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  4. I hope not only the judge will there this out of the court, but Disney going all teeth in recouping the cost.

    Too often these kinds of lawsuit ended with out-of-court settlement, creating a precedence of people filing lawsuit against successful movies "just in case".

    This, needless to say (but I'll say it anyways) severely limits studios in creating good stories, in the false hope that a not-so-good story will escape such lawsuit.

    But if Disney go for scorched earth, it will reverse such precedence: Copyright leeches will start to think twice, thrice, and more, before filing a frivolous lawsuit.

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  5. ...am I forgetting something? The legal document alleges that "schools, where animals are taught ecology and biology" are in both films... but where the heck was that in Zootopia? Judy's performance at the start seems to be a school play, but we never see classrooms or a campus. Does he mean the police academy? He claimed that separately! What a trainwreck of an argument.

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    Replies
    1. Since she's still in costume in the next scene, I always thought the play took place in the tent at the fair.

      But there is a rough cut animatic in the DVD extras at the school setting, (with the kit in the tree). Dunno if that could be stretched to count as part of the film in a court setting...

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  6. Also this:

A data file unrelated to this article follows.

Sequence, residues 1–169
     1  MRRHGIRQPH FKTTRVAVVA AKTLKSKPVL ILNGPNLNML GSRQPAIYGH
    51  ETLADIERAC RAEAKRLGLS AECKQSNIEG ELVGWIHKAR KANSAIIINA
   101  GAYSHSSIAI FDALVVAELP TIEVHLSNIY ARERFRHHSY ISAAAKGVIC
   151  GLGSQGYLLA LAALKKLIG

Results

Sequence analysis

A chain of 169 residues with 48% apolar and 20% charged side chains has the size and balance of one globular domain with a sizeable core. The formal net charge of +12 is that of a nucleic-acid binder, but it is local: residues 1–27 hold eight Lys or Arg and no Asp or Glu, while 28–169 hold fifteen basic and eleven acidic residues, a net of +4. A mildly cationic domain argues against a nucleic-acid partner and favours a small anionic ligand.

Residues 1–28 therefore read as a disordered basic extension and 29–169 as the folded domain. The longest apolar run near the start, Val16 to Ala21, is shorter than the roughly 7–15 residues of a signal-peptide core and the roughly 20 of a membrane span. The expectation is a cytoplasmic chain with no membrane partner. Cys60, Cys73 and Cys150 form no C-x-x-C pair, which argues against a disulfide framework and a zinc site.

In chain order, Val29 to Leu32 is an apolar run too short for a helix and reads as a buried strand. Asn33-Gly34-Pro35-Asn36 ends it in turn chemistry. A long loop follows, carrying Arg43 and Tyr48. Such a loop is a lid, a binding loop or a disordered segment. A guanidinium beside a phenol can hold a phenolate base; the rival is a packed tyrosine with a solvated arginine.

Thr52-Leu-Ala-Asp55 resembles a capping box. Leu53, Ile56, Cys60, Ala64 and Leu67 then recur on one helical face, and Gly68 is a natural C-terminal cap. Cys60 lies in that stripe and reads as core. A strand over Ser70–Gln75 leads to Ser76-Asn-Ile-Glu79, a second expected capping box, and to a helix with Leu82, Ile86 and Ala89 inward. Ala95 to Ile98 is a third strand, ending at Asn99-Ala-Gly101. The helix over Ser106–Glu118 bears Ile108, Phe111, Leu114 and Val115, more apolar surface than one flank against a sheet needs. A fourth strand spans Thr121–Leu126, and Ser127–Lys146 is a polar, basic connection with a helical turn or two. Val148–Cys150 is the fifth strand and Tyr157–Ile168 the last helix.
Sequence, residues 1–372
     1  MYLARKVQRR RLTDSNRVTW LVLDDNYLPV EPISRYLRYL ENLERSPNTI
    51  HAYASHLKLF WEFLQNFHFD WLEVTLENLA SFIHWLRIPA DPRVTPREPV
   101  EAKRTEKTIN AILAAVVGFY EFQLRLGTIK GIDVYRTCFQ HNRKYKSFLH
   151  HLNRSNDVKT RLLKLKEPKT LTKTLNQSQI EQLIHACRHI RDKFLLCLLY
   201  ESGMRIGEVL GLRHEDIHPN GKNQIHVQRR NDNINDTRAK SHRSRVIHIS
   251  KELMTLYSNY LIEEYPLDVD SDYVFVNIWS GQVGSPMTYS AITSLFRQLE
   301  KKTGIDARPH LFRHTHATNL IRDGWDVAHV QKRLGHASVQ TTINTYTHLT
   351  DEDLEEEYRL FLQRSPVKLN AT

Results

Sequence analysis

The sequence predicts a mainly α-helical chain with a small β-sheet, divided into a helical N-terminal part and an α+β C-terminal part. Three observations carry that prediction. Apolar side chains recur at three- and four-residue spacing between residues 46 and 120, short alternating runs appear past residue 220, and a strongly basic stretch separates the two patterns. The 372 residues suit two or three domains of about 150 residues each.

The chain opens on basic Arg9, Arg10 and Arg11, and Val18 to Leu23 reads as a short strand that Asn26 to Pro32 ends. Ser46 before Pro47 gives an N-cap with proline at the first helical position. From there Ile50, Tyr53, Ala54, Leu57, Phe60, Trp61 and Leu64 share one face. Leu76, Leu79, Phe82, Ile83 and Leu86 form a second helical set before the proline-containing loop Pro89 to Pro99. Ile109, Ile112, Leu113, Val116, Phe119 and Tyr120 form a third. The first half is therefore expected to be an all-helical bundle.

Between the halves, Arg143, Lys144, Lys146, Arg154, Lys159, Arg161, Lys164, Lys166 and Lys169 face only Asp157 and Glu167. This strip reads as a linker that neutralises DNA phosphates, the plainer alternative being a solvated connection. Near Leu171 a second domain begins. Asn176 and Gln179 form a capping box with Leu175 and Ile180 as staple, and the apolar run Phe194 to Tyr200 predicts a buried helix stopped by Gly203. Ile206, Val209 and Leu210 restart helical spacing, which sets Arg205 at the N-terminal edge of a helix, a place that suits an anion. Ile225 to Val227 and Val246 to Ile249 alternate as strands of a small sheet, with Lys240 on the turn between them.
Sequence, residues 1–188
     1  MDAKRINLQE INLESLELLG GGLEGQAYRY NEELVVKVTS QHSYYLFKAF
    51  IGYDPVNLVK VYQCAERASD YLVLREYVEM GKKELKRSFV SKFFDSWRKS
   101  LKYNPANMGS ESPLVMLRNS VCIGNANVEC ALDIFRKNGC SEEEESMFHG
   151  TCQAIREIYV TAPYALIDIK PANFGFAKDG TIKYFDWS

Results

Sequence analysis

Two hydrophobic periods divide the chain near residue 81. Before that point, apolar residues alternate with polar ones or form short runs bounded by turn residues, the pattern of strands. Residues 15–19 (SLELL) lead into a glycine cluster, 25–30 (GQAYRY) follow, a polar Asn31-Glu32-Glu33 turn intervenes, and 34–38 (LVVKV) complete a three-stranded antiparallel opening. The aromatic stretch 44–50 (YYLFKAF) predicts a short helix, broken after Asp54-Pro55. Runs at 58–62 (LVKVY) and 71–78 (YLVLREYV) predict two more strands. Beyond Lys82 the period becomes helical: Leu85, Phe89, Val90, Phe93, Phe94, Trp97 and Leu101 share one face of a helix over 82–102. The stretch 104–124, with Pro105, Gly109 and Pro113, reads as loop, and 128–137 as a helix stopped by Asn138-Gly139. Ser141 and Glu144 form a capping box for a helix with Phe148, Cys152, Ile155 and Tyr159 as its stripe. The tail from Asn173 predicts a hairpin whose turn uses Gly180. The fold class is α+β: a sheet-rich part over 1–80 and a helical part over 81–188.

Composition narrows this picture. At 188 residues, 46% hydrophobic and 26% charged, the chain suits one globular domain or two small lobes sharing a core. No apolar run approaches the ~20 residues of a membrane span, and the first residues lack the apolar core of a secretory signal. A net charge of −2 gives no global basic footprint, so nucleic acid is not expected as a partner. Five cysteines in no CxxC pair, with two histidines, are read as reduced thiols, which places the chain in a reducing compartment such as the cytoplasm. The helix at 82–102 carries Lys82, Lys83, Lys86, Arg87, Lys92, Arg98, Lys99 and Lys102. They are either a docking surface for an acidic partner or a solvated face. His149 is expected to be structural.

They then claim that nobody else could have come up with the name "Zootopia" before them.

    Uh... there's a reason why Zootopia had to be renamed to Zootropolis in Europe...

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  7. I hope that this gets settled eventually.

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    Replies
    1. In legal terms, Disney should not settle. They need to make an example out of this guy.

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    2. I agree. I just meant settled in the meaning of "resolved". Yes, they should make an example of him.

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  8. And the clown circus continues...those claims were painful to read; does he even have a clue that like half the animated industry thrives off of anthropomorphic characters in modern settings?

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  9. His proposed name alone means it could rip off looney toons.

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  10. Totally frivolous lawsuit, trying to cash in on the Disney success. Sour grapes....

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  11. is Esplanade Productions a real thing? cos i can't find a web-page for them or anything.

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  12. This comment has been removed by the author.

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  13. If his claims had any amount of truth to it, Disney wouldn't have let this escalate to this level and risk what they had. But they seem to be confident that his claims hold no bearing to them.

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  14. Slightly related question, when I first heard about this a month or two back, I had to make sure it wasn't the same Gary Goldman whose working with Don Bluth on the dragons lair movie, and it doesn't seem to be, but my researching things has given me a lot of false info in the past, basically...

    Can I get another voice that came to that conclusion plz? Thx

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    Replies
    1. They are indeed two different people.

      The Gary Goldman you're describing worked with Don Bluth as you mentioned. The Gary Goldman suing Disney worked on Total Recall, the Schwarzenegger film.

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    2. That's what I thought, just wanted to double-check, thanks. How unfortunate, to share a name AND occupation, during the same time period...